Drowning sign shows Australia’s gnarly weather whiplash

Mashable

Flash flooding in Sydney on Feb. 9, 2020.
Flash flooding in Sydney on Feb. 9, 2020.
Image: JOEL CARRETT / EPA-EFE / Shutterstock

Here’s a vivid show of weather whiplash: After Australia experienced both its driest and hottest year ever recorded in 2019, the nation’s fire-ravaged eastern states have now been hit with torrential deluges and epic floods. 

The February rains, dumping nearly 14 inches (350 mm) over 24 hours in some places, have resulted in the region’s highest multi-day rainfall totals in three decades. 

Extreme flooding has ensued. A picture tweeted on Sunday by the New South Wales Rural Fire Service depicts, ironically, a bushfire warning sign being drowned by murky floodwaters.

The good news is the rains have extinguished many giant fires, some of which have burned since October. The Gospers Mountain megafire, which by the end of 2019 had already burned 1.2 million acres, is finally “out,” according to the Rural Fire Service.

As Australia’s science agency, CSIRO, notes, it’s normal for Australia to have big year-to-year differences in rainfall. But, critically, the agency says “There is evidence that some rainfall extremes are becoming more intense.”

More intense rainfall is caused by a warming climate. It’s simple physics. As the atmosphere warms, it can hold more water — resulting in more extreme deluges. It’s the same reason why rainfall extremes have grown increasingly intense in the U.S., leading to a boost in flooding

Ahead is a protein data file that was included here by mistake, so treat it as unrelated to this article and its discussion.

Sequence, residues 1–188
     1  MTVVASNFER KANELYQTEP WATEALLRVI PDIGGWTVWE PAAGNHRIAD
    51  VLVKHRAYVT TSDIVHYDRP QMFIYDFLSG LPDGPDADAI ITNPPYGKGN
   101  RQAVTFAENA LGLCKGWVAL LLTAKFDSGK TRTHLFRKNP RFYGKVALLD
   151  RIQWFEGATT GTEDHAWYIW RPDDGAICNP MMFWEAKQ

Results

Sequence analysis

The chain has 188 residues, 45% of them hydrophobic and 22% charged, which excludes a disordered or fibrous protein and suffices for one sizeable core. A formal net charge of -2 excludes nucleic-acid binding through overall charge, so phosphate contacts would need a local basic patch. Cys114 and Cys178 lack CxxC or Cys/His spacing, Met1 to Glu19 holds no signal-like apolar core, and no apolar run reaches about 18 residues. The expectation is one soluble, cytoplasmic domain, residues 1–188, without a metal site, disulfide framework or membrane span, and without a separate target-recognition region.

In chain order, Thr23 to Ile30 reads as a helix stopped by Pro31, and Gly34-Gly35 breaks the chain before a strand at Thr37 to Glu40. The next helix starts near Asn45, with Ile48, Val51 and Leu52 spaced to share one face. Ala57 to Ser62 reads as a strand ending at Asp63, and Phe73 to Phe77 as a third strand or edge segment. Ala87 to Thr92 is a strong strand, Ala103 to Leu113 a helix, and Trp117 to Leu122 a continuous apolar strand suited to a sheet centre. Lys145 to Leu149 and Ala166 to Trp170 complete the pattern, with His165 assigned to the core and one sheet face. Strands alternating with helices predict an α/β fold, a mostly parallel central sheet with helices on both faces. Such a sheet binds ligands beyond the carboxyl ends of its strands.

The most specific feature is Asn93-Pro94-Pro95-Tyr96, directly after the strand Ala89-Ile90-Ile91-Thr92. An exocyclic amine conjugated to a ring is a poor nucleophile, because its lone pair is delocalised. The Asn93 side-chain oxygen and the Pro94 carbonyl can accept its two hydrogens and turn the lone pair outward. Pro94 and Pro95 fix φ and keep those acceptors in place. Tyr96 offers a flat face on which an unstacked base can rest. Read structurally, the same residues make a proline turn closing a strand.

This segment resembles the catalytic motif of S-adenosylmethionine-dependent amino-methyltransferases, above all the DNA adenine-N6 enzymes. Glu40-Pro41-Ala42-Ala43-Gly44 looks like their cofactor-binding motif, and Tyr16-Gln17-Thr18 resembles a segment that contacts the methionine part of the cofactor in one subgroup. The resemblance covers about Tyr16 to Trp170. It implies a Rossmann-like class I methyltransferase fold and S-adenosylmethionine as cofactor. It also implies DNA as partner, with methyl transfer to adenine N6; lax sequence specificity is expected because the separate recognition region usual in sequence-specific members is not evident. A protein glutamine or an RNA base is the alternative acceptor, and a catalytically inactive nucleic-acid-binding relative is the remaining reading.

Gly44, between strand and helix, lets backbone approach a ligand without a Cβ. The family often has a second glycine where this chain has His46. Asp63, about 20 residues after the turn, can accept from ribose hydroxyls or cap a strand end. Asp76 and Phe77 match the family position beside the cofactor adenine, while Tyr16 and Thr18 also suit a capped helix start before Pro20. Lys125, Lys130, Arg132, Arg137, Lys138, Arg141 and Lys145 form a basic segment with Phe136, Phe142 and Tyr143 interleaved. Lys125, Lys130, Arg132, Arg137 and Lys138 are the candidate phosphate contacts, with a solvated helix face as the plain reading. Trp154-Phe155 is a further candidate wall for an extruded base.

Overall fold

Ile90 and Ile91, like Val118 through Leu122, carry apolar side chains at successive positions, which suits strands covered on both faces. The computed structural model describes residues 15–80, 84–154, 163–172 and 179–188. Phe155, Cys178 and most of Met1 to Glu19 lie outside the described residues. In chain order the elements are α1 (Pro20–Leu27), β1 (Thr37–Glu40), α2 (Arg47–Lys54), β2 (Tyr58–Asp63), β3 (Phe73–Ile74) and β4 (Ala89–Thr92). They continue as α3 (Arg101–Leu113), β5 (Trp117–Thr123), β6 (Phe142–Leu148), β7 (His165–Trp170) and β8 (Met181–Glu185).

Though rainfall events are becoming more extreme in big swathes of Australia, overall rainfall has declined significantly in southeastern Australia over the last twenty years, setting the stage for parched bushlands that are significantly more likely to burn — resulting in megafires. This dry vegetation, combined with an increase in hot and dry fire weather, almost certainly means larger and more sustained fires in Australia in the decades ahead.

Regarding bushfires and flooding, Australia’s Department of Home Affairs concluded that with a “driver of a changing climate there is growing potential for some natural hazards to occur at unimagined scales, in unprecedented combinations and in unexpected locations.”

Go to Source

Related Posts